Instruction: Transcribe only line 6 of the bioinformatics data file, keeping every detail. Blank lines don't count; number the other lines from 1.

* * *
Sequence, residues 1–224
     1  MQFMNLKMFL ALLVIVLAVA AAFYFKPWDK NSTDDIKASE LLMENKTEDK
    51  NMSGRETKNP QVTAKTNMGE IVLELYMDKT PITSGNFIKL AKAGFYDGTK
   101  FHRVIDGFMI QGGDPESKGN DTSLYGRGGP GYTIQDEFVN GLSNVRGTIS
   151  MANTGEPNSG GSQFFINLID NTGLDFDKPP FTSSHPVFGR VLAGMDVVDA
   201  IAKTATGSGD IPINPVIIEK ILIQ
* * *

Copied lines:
   201  IAKTATGSGD IPINPVIIEK ILIQ